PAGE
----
The Day I Became a Conservative

Lee DeCovnick
The oft-quoted phrase, "A conservative is a politically clueless country club Republican who got mugged" accurately describes my political conversion. Next week, I'm returning to the scene of my life-altering mugging. No, I'm not walking through the trash strewn alleys of San Francisco with twenty dollars bills spilling from my pockets, but visiting the permit counter of my local planning department.

Many years ago, we decided to upgrade the master bathroom with a new shower, sink, cabinets, exhaust fans, and lighting.  Since the new shower would have granite walls, we needed to upgrade the foundation to support the added weight.  After carefully reading the city's four-page brochure for new contractors, I applied for a construction permit, including a hand drawn set of plans using my kids' graph paper and a ruler.

At the walk-in counter, I handed the long forms and drawings to one of the inspectors on duty. He looked at all the papers, and informed me I had six months to complete the work, and to call 12 hours in advance for each of the five different inspections required to sign off the permit. He also said the permit would cost nine hundred and fifty dollars.  I wrote the check. He asked me to sit down on the office couch while he finished the paper work in his office in the back. Just another fifteen minutes.

As I sat, another guy walks up to the counter with a thick roll of blueprints while a different inspector emerged from the back office to help him. They were obviously well acquainted.  The contractor said he finally got the go ahead on a big job, adding two rooms and two baths to the existing house, plus a new swimming pool, spa and a poolside cabana.  The inspector said all the permits together would run four hundred dollars, and the contractor could pick them up tomorrow.

What the heck? Four hundred dollars? I watched as the contractor pulled four Franklins from his wallet and handed them over to his inspector. And the inspector wrote him a receipt for the cash.

Though livid with anger, I quietly explained to my inspector what I had heard transpire.

He just smiled at my Boy Scout outrage.  He told me I had three choices. One was to cancel the permit, but he promised that an inspector would stop by my house every year to make sure the bathroom had not been remodeled. And if the work were done illegally, it would be declared sub-standard and ordered removed along with the inspector finding a dozen other expensive safety violations. The second choice was to legally start the remodel, but the inspectors just might find enough faults after construction had begun to have the bathroom chopped up for a year. The last choice was to shut the hell up, and re-model the bathroom.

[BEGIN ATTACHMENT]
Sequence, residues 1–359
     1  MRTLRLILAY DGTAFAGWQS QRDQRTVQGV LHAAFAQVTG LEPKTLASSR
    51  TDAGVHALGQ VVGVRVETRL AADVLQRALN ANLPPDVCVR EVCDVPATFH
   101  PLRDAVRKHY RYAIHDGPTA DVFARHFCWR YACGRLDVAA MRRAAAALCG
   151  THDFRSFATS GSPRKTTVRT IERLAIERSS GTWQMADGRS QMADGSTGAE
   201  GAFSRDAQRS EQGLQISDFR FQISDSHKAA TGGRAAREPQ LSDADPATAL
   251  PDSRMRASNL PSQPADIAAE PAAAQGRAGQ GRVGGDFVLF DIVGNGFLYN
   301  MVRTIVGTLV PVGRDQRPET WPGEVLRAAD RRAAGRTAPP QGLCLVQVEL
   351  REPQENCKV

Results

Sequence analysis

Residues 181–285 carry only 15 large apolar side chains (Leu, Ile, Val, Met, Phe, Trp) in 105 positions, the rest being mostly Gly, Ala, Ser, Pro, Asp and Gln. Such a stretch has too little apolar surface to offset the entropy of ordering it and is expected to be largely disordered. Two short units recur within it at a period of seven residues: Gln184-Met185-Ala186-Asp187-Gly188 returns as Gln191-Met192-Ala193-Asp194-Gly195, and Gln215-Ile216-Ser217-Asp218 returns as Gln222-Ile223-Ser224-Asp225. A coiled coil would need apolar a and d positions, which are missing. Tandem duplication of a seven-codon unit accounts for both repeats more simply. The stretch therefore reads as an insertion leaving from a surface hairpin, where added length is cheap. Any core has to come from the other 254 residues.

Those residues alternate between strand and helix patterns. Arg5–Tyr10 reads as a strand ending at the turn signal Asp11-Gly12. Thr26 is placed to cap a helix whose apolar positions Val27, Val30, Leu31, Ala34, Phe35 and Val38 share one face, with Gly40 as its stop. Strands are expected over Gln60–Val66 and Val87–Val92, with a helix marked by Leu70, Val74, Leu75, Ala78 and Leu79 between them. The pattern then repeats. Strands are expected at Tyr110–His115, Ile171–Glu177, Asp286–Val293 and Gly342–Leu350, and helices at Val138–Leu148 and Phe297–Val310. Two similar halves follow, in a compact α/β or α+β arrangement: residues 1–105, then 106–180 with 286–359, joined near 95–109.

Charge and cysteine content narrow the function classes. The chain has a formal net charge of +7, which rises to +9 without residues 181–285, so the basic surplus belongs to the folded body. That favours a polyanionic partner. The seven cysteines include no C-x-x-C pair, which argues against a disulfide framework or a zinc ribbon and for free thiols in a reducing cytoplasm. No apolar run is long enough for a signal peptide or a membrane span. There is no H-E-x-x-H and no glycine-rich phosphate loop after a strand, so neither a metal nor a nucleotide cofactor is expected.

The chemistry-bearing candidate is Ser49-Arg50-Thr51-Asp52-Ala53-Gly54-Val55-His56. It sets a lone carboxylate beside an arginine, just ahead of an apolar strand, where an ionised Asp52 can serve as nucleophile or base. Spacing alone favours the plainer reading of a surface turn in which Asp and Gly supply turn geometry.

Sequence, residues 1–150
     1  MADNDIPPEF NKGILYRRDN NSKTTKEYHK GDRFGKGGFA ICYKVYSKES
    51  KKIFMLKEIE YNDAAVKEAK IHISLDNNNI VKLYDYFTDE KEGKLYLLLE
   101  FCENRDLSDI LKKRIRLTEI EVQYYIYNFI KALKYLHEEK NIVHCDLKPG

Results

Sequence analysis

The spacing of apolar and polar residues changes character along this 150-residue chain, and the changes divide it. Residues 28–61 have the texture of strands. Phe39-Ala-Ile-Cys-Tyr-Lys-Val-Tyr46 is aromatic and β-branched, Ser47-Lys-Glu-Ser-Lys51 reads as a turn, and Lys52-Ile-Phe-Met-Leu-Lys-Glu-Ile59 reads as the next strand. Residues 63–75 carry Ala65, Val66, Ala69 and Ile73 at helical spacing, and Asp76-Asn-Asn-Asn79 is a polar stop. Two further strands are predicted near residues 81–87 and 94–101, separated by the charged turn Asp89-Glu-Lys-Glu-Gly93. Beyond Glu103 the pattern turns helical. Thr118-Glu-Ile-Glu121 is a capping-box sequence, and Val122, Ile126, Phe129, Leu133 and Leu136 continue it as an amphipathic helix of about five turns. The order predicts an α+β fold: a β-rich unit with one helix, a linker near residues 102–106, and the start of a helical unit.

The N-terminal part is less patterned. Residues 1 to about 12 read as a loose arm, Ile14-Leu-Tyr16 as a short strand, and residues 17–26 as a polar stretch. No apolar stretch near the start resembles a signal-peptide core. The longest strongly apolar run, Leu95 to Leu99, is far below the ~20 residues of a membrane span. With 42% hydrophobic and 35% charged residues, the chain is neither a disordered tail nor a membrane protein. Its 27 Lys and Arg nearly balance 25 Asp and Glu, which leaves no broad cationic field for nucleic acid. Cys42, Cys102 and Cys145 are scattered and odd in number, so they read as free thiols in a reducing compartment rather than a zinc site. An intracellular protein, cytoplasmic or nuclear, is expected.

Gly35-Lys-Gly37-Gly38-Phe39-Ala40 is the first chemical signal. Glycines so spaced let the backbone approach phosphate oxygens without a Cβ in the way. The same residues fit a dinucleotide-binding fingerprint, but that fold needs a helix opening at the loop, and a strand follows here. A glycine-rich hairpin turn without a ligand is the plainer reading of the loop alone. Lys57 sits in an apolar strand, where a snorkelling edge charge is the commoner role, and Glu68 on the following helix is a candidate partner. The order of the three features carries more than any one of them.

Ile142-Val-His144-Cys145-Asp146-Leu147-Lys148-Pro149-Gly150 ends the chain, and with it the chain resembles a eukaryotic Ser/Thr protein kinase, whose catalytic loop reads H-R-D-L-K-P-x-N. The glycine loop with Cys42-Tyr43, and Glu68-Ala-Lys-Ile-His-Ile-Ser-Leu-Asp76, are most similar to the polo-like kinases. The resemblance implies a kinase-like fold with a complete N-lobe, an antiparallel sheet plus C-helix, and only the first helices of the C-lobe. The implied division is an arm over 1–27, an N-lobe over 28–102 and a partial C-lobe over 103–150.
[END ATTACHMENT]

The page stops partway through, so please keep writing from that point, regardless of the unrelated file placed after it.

With the kids still in school, I shut the hell up.

Next week, I'm going to a City Hall to ask the counter inspector for a list of current permit fees. Then I'm coming back home to write some more articles for American Thinker. 

The oft-quoted phrase, "A conservative is a politically clueless country club Republican who got mugged" accurately describes my political conversion. Next week, I'm returning to the scene of my life-altering mugging. No, I'm not walking through the trash strewn alleys of San Francisco with twenty dollars bills spilling from my pockets, but visiting the permit counter of my local planning department.

Many years ago, we decided to upgrade the master bathroom with a new shower, sink, cabinets, exhaust fans, and lighting.  Since the new shower would have granite walls, we needed to upgrade the foundation to support the added weight.  After carefully reading the city's four-page brochure for new contractors, I applied for a construction permit, including a hand drawn set of plans using my kids' graph paper and a ruler.

At the walk-in counter, I handed the long forms and drawings to one of the inspectors on duty. He looked at all the papers, and informed me I had six months to complete the work, and to call 12 hours in advance for each of the five different inspections required to sign off the permit. He also said the permit would cost nine hundred and fifty dollars.  I wrote the check. He asked me to sit down on the office couch while he finished the paper work in his office in the back. Just another fifteen minutes.

As I sat, another guy walks up to the counter with a thick roll of blueprints while a different inspector emerged from the back office to help him. They were obviously well acquainted.  The contractor said he finally got the go ahead on a big job, adding two rooms and two baths to the existing house, plus a new swimming pool, spa and a poolside cabana.  The inspector said all the permits together would run four hundred dollars, and the contractor could pick them up tomorrow.

What the heck? Four hundred dollars? I watched as the contractor pulled four Franklins from his wallet and handed them over to his inspector. And the inspector wrote him a receipt for the cash.

Though livid with anger, I quietly explained to my inspector what I had heard transpire.

He just smiled at my Boy Scout outrage.  He told me I had three choices. One was to cancel the permit, but he promised that an inspector would stop by my house every year to make sure the bathroom had not been remodeled. And if the work were done illegally, it would be declared sub-standard and ordered removed along with the inspector finding a dozen other expensive safety violations. The second choice was to legally start the remodel, but the inspectors just might find enough faults after construction had begun to have the bathroom chopped up for a year. The last choice was to shut the hell up, and re-model the bathroom.

With the kids still in school, I shut the hell up.

Next week, I'm going to a City Hall to ask the counter inspector for a list of current permit fees. Then I'm coming back home to write some more articles for American Thinker.